"A new bell for your bicycle?" He sank his shot like a pro and searched for the next one, carefully avoiding eye contact with me.
"A nipple ring!" I corrected him with pride.
"What makes you think I'd be even remotely interested that you have a ring through your tit?" His eyes never left the felt.
Turned out, he was actually more than a little remotely interested, sweeping me out of Woody's and back to his loft in record time. He entered me with a passionate cry as I crouched under him, gold nipple ring and all. I remember rhythmically grasping and releasing handfuls of slate blue sheets, my knees becoming calloused with the friction.
My heart sang when his long, slender fingers fell between mine.
The second time my art almost became a casualty of circumstance was when my mother informed me that her marriage had irretrievably broken down, and that she and my dad were divorcing. I'd gone home to tell her that instead of Dartmouth, where my dad was expecting me to attend college, I was going to enroll at the Pittsburgh Institute of Fine Art.
"They had over two thousand applications, seventy openings, and I got in!" My Nikes hadn't touched the ground since early that morning, Debbie quickly scanning the acceptance letter and giving me the good news.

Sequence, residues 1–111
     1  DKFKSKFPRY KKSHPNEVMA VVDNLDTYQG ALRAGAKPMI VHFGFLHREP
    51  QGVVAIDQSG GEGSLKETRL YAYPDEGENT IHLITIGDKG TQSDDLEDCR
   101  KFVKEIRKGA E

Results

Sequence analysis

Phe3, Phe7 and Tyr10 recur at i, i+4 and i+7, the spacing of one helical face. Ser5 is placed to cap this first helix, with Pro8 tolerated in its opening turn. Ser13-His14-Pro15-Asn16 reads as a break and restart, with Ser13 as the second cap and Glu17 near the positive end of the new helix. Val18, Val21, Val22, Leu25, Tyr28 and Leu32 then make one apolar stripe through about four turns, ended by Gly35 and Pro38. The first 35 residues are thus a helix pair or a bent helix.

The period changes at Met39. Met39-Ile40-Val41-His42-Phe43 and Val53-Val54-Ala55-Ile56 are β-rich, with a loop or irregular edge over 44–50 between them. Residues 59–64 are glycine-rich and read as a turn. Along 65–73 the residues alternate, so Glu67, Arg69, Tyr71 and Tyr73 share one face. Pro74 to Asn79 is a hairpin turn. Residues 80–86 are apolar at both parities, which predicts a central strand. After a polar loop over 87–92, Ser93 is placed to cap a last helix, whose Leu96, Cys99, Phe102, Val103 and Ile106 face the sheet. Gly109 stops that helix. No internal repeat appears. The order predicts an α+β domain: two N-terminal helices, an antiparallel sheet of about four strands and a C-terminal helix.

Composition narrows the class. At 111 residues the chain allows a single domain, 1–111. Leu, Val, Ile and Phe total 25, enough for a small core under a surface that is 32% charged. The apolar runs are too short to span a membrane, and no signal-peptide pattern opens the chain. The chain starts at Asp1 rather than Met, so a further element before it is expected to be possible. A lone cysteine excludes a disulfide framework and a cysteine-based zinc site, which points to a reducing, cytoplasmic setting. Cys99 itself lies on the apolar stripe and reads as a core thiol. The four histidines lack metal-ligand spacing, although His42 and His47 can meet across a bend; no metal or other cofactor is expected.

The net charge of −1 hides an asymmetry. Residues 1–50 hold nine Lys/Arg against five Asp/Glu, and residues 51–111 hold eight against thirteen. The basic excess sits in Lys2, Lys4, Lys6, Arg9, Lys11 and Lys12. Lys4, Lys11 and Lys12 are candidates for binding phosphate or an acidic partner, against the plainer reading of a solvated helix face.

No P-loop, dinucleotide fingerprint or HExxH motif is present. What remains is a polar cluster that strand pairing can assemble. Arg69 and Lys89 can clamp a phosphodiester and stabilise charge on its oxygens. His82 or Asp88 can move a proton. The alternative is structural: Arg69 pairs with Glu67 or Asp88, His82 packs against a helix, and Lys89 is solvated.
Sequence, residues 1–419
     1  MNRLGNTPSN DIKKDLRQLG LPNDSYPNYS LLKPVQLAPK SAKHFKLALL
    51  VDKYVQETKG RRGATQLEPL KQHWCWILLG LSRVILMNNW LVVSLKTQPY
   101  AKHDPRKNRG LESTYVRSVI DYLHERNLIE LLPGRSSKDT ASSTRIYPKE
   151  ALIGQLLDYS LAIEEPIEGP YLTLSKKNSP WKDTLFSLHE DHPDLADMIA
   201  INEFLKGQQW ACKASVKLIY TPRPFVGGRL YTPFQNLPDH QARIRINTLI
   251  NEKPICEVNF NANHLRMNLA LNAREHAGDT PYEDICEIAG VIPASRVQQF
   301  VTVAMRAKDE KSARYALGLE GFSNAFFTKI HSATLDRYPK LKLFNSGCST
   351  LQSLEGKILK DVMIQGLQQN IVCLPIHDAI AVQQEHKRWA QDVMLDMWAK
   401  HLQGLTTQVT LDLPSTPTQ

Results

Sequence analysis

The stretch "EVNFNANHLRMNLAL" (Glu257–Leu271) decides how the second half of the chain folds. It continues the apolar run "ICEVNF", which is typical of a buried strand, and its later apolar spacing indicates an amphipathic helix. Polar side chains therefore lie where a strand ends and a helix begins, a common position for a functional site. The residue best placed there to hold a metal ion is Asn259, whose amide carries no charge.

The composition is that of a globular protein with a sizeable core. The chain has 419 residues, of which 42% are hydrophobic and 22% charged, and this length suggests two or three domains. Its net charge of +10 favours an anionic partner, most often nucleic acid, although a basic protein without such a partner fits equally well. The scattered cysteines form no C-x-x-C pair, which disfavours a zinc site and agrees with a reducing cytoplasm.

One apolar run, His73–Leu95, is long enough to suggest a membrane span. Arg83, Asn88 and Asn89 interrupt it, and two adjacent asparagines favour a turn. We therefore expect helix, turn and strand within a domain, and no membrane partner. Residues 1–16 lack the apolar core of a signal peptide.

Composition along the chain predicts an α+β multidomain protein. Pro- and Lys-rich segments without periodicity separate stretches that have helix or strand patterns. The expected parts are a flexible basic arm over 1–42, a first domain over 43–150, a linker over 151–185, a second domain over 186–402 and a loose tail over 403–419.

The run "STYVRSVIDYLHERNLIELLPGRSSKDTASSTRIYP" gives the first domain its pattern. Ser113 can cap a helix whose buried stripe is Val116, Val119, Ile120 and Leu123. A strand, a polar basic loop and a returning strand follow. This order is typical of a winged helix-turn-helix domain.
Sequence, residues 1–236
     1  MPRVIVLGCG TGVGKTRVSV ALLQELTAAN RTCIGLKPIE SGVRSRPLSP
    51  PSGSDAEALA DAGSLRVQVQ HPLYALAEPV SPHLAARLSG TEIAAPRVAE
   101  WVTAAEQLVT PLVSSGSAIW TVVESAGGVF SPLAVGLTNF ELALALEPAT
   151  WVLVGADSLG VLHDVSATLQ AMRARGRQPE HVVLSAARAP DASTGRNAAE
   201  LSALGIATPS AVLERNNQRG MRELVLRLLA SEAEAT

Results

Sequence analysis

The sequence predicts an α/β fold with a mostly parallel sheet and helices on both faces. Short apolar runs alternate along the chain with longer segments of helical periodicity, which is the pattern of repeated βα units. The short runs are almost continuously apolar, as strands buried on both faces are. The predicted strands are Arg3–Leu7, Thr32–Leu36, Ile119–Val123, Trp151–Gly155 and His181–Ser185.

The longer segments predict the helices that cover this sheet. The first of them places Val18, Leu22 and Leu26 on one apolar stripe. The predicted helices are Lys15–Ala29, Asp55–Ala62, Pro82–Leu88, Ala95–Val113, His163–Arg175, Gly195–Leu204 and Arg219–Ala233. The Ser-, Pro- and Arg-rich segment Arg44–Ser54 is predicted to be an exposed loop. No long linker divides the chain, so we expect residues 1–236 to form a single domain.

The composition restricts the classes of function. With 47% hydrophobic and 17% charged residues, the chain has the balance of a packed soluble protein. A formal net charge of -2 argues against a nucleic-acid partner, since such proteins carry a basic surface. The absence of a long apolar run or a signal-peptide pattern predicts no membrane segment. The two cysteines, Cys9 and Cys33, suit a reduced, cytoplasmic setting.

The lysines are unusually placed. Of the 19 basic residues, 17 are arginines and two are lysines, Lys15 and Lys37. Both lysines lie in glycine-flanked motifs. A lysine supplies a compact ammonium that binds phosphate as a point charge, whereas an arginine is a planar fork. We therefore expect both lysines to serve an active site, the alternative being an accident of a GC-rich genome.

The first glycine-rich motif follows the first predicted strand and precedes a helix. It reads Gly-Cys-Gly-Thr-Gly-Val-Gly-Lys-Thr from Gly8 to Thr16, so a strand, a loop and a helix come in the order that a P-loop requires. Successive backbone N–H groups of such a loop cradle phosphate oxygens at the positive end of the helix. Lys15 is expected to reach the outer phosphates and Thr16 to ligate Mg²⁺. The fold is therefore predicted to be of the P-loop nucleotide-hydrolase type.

My buoyant mood crashed and burned with a dull thud, however, as my mom dropped the bomb at the end of my visit. Suddenly, my confident, independent decision of what to do with my life had become a whole lot less cut-and-dried.
Debbie found the evidence of its complete abandonment in her trash can the next day.
"All of it...his sketchbooks...his pencils...everything. I found them in the trash this morning," I heard her telling Brian on the phone. If anyone could right the derailed train, in her eyes, it would be him. "Try to follow me here, Brian," she went on. "It was no accident. He told me himself that he feels responsible for his parents breaking up. Making himself happy is no longer important."
My mind wandered during every class that day. My father had never accepted my choices. Being forbidden to see Brian was the reason we no longer resided under the same roof. I blamed myself for the undoing of my mother's marriage, abruptly deciding to head off to Dartmouth to make amends. A closetful of suits and ties, I'd agonized, secretaries...business lunches...how will I ever make it through the next forty years?
"Jesus!" I shrieked later that night. "Who do you have to fuck to get a drink around here?"
Babylon's bartender had no intention of serving my irascible, fake I.D.-holding self.
"Me," Brian intervened, stepping up to the bar just before things got ugly. "Two beers," he ordered. "I'M THIRSTY!" he vowed when it looked like trouble.